The student must also be able to comprehend multi-dimensional relationships and the spatial relationships of anatomic structures. The student must be able to think in three dimensions while using a two-dimensional imaging modality.
Students must be able to recognize problems, implement solutions and assess outcomes. They must seek out feedback and make constructive use of such feedback.
Students must be able to maintain professional conduct and appearance and maintain client confidentially and operate within the scope of practice.
Students are required to demonstrate a variety of computer skills. Students must have access to the internet and be able to perform internet searches, use email and be able to send and receive attachments. And have access to LIU’s teaching platform – Blackboard.
Students must also have the ability to be assertive, delegate responsibilities appropriately, and function as part of a medical team.
Students must have the capacity and willingness to recognize limitations of their skills, legal authority and authorization, and must be willing to seek appropriate supervision and direction.
6. Behavioral and Social Attributes
Students must have a serious commitment to learning. They must be able to self-assess, self-direct and self-correct.
Students must be emotionally healthy. Student must be able to use their intellectual ability and exercise good judgment.
Students must be able to develop mature, sensitive, and effective relationships with patients and colleagues.
Students must be able to tolerate physical and emotional stress while continuing to function effectively. Students must be able to identify sources of stress and then develop and employ appropriate and effective coping mechanisms. The student must also possess qualities of adaptability, flexibility, and be able to function in the face of uncertainty.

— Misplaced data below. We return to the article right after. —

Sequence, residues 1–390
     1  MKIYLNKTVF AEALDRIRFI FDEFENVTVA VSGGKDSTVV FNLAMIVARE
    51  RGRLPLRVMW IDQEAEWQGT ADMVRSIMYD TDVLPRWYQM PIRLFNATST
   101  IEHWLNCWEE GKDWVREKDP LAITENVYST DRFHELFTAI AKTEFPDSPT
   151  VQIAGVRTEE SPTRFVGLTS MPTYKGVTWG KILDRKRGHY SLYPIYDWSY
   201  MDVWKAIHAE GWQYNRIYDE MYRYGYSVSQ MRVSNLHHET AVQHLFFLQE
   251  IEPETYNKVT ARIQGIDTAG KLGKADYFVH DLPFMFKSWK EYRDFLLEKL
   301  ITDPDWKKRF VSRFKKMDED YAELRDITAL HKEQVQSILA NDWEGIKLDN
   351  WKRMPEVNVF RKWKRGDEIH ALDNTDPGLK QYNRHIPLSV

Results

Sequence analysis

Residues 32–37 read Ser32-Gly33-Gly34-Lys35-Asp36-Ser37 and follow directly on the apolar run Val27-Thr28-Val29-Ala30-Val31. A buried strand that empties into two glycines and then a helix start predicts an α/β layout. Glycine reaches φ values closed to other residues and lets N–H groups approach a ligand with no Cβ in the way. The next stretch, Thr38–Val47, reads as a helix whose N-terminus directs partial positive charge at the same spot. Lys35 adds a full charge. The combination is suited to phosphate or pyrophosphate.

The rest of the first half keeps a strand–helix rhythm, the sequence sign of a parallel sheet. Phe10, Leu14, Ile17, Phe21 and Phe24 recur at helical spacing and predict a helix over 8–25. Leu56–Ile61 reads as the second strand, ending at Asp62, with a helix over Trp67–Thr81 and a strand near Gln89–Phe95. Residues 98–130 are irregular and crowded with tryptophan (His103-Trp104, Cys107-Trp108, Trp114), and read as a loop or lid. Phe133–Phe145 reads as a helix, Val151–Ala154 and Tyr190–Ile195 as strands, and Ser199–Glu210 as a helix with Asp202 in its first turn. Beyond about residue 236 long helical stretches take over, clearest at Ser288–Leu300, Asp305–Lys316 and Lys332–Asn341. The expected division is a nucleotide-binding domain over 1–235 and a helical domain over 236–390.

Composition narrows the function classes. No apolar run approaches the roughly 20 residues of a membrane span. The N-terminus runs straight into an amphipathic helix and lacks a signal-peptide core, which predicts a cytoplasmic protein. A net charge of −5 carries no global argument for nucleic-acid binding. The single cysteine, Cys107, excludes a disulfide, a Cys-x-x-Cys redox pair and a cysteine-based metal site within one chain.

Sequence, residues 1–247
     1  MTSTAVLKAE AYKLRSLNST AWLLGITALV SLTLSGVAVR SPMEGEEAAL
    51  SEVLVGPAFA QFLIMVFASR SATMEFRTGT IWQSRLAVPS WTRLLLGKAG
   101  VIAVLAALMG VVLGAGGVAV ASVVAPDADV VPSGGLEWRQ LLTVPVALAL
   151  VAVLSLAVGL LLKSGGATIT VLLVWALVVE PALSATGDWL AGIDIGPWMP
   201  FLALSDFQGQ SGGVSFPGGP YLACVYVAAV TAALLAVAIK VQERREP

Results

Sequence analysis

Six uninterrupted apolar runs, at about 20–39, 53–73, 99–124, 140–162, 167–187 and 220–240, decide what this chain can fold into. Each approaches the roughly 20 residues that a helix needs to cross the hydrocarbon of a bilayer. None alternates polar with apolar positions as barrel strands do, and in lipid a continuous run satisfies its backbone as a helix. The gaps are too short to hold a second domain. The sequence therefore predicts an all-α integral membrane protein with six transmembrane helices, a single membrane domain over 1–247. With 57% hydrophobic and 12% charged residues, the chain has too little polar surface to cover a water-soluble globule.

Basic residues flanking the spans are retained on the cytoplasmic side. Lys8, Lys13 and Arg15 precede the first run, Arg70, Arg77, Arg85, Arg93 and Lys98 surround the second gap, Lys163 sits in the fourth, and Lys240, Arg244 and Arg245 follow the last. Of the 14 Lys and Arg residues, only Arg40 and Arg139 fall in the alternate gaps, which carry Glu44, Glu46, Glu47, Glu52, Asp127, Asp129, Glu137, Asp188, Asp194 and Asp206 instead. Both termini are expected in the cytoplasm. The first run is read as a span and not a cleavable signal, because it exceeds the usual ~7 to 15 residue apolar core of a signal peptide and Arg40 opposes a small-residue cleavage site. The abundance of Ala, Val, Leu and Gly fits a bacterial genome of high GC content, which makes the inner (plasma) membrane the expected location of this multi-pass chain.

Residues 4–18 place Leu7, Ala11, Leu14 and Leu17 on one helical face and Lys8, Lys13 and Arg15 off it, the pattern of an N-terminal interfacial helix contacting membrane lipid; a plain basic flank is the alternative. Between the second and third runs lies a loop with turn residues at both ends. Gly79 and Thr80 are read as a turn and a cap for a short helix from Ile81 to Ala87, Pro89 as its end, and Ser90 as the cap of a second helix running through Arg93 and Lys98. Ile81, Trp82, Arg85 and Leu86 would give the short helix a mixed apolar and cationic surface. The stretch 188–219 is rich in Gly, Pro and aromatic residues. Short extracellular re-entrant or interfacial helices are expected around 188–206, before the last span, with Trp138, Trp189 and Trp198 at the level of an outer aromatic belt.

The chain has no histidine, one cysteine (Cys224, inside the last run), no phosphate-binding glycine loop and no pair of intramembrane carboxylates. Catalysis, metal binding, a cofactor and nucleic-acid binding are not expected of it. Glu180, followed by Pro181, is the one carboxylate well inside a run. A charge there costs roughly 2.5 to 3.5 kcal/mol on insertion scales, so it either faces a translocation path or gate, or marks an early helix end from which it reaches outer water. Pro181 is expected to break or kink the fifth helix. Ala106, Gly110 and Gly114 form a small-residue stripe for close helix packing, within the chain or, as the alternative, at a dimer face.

Students must possess high levels of empathy, motivation to serve, integrity, and a consciousness of social value.
Students must possess excellent interpersonal skills. They must be able to interact effectively with classmates, faculty, patients, family of patients, health care professionals and the community at large. They must be able to appropriately handle issues of cultural, ethnic and religious diversity.
Students must exhibit appropriate professional conduct and be a positive representative of the profession as a whole and the DMS program in particular.
Students must be able to provide professional and technical services in spite of the stresses of a heavy workload.
Students must be able to minimize ultrasound exposure to patients, self and others while being honest, compassionate, ethical and responsible.
Students must be able to develop, maintain, and demonstrate ethical behaviors with respect to coworkers, preceptors, faculty members, patients, the families of patients.
Long Island University’s Diagnostic Medical Sonography Program will attempt to develop creative ways of opening the Program to competitive, qualified individuals with disabilities. In doing so, however, the Program must maintain the integrity of the curriculum and preserve those elements deemed essential in the field of diagnostic medical sonography. The Program cannot compromise the health and safety of patients. An applicant or student who is unable to meet the minimum academic and technical standards is not qualified for the practice of the profession.